Some folks with celiac experience a stabbing-like pain in their stomach when they consume gluten; others have reported feeling cramping, spasms, and targeted pains in different areas of their stomachs. If you feel any kind of stomach pain on the regular, it is worth getting it checked out — even if it is not celiac, it could be indicative of another health problem, and if nothing else, your doctor may have an idea about how to make it stop.
Since celiac disease prevents the body from properly absorbing many vitamins, including iron, some celiac sufferers can develop iron deficiency anemia. If you've been diagnosed with anemia — or even if you're just experiencing a few symptoms of anemia — it may be worth talking to your doctor about getting checked out for celiac disease, as well.
Does it feel like someone has placed a jackhammer directly into your brain on the regular? 18 percent of American women struggle with chronic migraine headaches, and recent research suggests that there may be a link between them and gluten sensitivity. A 2013 study found that people with celiac disease suffered from migraine headaches at much higher rates than the general population — 30 percent of celiac patients reported chronic headaches, too.
Feel falling-down exhausted even though all you did today was watch Adventure Time and sort your laundry? Consistent fatigue — a physical or mental exhaustion that doesn't seem connected to what you have or haven't done over the course of your day — can be tied to a number of health problems besides celiac disease, and all of them are worth consulting a doctor about.
But fatigue is a very common celiac symptom, and any relationship you notice between your gluten consumption and fatigue patterns is worth mentioning to your doctor.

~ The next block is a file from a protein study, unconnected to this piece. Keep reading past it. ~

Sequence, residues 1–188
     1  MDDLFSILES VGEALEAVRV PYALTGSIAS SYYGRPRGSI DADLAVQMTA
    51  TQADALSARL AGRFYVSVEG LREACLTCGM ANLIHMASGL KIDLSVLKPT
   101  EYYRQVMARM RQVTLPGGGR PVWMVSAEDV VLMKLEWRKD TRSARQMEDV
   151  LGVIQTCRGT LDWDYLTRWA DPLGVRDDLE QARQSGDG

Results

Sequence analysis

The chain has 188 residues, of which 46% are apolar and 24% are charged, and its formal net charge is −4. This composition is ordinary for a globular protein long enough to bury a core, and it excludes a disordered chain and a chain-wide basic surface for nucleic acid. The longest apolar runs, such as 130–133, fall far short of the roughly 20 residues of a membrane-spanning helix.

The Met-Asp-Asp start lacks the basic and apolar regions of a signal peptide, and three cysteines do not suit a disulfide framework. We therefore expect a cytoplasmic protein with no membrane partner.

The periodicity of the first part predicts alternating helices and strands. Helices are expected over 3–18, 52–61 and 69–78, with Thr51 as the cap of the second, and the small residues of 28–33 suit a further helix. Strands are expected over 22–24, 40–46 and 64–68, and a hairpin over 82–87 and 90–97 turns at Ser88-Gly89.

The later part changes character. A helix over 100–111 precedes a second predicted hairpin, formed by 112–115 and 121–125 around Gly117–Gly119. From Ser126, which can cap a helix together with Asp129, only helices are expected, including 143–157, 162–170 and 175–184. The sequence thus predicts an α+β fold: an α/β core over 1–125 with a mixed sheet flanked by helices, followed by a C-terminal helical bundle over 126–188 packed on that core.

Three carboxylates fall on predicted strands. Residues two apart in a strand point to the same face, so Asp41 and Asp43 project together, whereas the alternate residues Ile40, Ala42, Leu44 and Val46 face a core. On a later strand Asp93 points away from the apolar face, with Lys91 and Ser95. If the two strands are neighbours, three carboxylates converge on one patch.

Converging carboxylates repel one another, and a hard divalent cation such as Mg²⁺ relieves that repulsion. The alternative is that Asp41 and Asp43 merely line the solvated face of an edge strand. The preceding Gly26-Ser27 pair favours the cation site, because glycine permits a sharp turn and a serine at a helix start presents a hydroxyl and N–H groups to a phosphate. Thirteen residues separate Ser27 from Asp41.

7. Unexplained Weight Loss
Have you been eating the same way you normally do, but have somehow transformed into the Incredible Shrinking Woman anyway? Many women don't think to consult a doctor when they begin inexplicably dropping weight, because our society is so grossly prone to praising any and all weight loss in women (even if it comes at the cost of their health).
But sudden, unexplained weight loss, even though you have a normal appetite, can be a sign of celiac disease or another health problem — and if it is, you're losing weight because your body isn't absorbing nutrients properly. So please, talk to your doctor — don't let our society's crummy beauty standards keep you from taking care of yourself.
Are you suddenly itchy? Like, really, really itchy? Is your formerly smooth epidermis suddenly covered in blistery bumps that you want to scratch sooooooo badly? Then you may have come down with dermatitis herpetiformis, one of the many skin conditions associated with celiac disease. Not only can seeing a doctor help you figure out if this rash is linked to celiac disease — it's also very easy for doctors to treat with an antibiotic. So get thee to your GP, Itchy!
9. Joint Pain
You think of yourself as youthful, vibrant, vital — the kind of freewheeling millennial that those magazine articles are always complaining about. So why do your joints ache like you're a member of the Greatest Generation? Unexplained pain and stiffness in joints in your fingers and knees can be a sign of celiac disease — one that afflicts old and young folks alike. So if you find that you suddenly want to replace your daily jog with a nice soak in the tub with epsom salts, talk to your doctor. If your joint pain is related to celiac disease, all you'll need to do is skip those morning muffins, and you'll be back to tearing up the trail in no time.
Images: Giphy (9)